Kyte.tv goes 16:9 (video showing Opera's latest now up)

This week I’m doing a ton of HD testing. Here’s the first piece of that test and is my first FastCompanyTV video on Kyte’s new 16:9 format player (wide screen). Looks pretty nice, but wait until you see these videos on some of the other systems that support 16:9 AND high definition!

I met with a couple of geeks from Opera last week. They are the browser folks. But I bet you didn’t have a good look at what they’ve been doing lately.

Perfect chance to play with my new Flip Minio HD camcorder. You can buy this for just about $230. I don’t use any external microphones. No lenses or filters. Nothing but that little tiny camcorder. It is really wild to be able to get video out to the world. This is mind blowing. 20 years ago you would have needed a $200,000 set of cameras and a TV station to broadcast it. Now anyone can do it.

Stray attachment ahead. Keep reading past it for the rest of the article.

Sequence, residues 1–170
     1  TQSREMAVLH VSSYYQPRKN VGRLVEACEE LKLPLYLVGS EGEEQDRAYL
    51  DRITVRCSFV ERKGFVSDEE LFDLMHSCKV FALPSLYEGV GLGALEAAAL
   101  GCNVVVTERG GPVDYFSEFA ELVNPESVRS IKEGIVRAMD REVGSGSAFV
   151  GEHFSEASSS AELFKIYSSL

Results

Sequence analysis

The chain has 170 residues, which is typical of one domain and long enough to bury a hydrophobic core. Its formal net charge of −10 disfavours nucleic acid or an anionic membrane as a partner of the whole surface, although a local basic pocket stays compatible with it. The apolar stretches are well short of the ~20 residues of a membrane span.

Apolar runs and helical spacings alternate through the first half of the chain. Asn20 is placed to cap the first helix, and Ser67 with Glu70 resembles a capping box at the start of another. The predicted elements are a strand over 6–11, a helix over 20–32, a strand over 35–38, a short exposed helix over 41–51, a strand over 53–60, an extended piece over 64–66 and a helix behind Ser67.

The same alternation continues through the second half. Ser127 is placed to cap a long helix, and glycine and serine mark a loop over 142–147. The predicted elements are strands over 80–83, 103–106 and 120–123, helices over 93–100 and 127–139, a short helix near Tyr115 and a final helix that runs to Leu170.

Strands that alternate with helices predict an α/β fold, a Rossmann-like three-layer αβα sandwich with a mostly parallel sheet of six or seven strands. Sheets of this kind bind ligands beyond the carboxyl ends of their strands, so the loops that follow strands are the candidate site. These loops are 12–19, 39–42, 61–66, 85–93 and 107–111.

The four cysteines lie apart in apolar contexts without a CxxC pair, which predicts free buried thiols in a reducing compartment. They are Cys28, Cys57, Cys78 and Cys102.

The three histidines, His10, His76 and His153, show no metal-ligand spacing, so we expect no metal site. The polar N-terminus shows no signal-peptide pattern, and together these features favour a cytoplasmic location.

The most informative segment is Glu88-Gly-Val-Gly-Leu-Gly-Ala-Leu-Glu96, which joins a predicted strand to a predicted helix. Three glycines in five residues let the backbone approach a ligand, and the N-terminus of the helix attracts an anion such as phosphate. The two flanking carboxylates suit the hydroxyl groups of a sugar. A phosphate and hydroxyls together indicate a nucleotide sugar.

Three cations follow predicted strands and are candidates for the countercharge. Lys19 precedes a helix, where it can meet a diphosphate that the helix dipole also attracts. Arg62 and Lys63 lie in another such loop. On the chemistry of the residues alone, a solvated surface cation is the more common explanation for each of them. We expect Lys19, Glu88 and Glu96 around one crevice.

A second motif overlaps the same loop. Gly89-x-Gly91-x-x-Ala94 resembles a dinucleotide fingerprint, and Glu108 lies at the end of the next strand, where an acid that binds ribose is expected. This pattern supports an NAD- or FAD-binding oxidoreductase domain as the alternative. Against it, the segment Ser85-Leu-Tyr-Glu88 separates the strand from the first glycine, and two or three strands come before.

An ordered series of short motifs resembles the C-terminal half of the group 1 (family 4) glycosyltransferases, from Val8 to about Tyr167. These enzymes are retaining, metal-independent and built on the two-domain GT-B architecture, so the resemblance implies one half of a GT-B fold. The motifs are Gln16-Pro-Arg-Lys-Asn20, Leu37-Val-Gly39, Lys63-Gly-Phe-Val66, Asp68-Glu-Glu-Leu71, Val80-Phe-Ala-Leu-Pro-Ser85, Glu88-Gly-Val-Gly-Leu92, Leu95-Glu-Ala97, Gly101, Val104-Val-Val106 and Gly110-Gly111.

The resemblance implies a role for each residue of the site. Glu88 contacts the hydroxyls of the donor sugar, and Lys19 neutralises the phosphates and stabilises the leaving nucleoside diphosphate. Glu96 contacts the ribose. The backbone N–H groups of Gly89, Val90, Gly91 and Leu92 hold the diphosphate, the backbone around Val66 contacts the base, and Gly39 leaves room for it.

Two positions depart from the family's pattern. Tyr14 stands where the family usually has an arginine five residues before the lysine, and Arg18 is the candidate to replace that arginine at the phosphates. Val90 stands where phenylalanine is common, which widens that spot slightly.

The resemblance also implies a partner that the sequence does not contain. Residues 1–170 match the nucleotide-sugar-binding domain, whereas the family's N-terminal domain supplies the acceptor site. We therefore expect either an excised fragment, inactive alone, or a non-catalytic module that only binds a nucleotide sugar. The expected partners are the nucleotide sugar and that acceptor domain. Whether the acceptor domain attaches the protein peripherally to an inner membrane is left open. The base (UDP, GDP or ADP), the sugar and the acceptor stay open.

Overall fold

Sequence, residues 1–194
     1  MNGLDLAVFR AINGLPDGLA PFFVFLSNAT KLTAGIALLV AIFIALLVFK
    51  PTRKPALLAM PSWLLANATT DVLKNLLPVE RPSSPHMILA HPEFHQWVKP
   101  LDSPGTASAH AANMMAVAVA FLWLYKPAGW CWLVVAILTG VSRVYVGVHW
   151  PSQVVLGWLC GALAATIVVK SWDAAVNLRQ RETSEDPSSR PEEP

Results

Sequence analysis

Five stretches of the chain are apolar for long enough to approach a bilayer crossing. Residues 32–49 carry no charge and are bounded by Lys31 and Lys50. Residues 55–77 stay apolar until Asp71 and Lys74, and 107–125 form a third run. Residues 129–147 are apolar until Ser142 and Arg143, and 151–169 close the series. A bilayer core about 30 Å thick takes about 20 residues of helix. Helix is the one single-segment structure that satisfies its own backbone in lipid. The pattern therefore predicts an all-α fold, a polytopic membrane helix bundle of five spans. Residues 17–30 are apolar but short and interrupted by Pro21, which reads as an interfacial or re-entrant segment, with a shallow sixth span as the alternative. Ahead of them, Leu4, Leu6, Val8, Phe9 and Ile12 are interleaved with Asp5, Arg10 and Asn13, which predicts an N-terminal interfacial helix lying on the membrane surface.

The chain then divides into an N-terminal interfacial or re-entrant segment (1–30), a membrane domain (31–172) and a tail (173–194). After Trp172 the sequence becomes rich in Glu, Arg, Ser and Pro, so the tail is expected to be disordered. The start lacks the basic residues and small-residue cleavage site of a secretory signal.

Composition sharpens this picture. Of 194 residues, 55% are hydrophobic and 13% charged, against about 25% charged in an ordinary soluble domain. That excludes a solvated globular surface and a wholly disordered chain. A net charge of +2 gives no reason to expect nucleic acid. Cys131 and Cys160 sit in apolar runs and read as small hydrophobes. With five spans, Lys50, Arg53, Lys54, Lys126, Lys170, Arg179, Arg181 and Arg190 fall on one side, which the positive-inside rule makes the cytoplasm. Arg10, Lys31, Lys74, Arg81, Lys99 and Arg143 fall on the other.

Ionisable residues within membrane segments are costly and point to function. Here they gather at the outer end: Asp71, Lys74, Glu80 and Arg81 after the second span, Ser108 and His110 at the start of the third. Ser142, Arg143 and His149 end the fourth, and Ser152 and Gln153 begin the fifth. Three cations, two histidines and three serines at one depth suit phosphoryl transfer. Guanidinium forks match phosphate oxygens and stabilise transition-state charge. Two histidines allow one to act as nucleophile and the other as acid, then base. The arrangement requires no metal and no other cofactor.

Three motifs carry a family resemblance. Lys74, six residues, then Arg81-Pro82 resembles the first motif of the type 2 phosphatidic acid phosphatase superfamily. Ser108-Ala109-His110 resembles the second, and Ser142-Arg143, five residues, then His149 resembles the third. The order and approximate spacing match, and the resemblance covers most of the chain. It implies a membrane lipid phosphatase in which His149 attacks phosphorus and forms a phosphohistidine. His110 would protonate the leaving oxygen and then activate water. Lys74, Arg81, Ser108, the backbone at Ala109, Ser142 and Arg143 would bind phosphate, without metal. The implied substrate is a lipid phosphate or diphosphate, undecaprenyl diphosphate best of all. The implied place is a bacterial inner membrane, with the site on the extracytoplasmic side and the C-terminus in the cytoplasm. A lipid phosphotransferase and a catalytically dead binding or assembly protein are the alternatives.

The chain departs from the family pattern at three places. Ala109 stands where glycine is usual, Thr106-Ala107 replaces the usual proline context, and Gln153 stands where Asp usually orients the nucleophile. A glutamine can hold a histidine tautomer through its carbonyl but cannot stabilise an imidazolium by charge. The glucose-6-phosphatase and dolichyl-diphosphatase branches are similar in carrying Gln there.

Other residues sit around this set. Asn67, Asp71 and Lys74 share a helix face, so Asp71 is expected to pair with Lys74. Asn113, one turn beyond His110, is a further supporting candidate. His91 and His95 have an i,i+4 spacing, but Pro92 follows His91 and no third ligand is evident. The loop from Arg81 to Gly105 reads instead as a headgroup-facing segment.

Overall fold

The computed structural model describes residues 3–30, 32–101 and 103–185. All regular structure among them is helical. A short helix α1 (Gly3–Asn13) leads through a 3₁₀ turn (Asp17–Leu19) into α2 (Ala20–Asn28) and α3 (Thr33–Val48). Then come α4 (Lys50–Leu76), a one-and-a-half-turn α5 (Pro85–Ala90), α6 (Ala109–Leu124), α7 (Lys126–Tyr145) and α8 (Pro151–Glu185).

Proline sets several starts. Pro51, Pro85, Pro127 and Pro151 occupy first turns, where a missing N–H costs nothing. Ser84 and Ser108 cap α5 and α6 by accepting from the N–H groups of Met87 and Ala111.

One problem I found is that with HD the file sizes are massive (these two videos were 1.1 gigs in my camera). I tried to upload it to Kyte? Failed. Facebook, too big. Viddler? Failed. Vimeo? Too big. YouTube? Too big. So, I went back and split it into two pieces. That took a little bit of time, but isn’t hard.

Anyway, here’s the two parts:

Part I, Opera browser updates (here is the same video on Facebook, so you can compare quality — the Facebook one is a LOT nicer)
Part II, Opera browser updates. (Here’s the same video on Facebook).